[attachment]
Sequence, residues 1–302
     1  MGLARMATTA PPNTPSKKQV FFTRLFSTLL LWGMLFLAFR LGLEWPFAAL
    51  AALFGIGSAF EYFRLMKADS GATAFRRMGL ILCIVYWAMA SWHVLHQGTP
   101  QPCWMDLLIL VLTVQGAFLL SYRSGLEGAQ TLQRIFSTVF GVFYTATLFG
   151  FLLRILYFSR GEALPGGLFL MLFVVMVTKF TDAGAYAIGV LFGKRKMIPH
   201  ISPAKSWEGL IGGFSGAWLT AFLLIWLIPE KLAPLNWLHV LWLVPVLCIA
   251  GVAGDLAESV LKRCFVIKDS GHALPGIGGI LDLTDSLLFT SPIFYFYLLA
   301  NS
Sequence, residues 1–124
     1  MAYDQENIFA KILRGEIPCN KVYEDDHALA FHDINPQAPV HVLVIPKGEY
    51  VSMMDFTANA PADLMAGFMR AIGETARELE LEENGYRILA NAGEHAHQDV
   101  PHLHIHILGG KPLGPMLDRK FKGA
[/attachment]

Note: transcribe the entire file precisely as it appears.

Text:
Sequence, residues 1–302
     1  MGLARMATTA PPNTPSKKQV FFTRLFSTLL LWGMLFLAFR LGLEWPFAAL
    51  AALFGIGSAF EYFRLMKADS GATAFRRMGL ILCIVYWAMA SWHVLHQGTP
   101  QPCWMDLLIL VLTVQGAFLL SYRSGLEGAQ TLQRIFSTVF GVFYTATLFG
   151  FLLRILYFSR GEALPGGLFL MLFVVMVTKF TDAGAYAIGV LFGKRKMIPH
   201  ISPAKSWEGL IGGFSGAWLT AFLLIWLIPE KLAPLNWLHV LWLVPVLCIA
   251  GVAGDLAESV LKRCFVIKDS GHALPGIGGI LDLTDSLLFT SPIFYFYLLA
   301  NS
Sequence, residues 1–124
     1  MAYDQENIFA KILRGEIPCN KVYEDDHALA FHDINPQAPV HVLVIPKGEY
    51  VSMMDFTANA PADLMAGFMR AIGETARELE LEENGYRILA NAGEHAHQDV
   101  PHLHIHILGG KPLGPMLDRK FKGA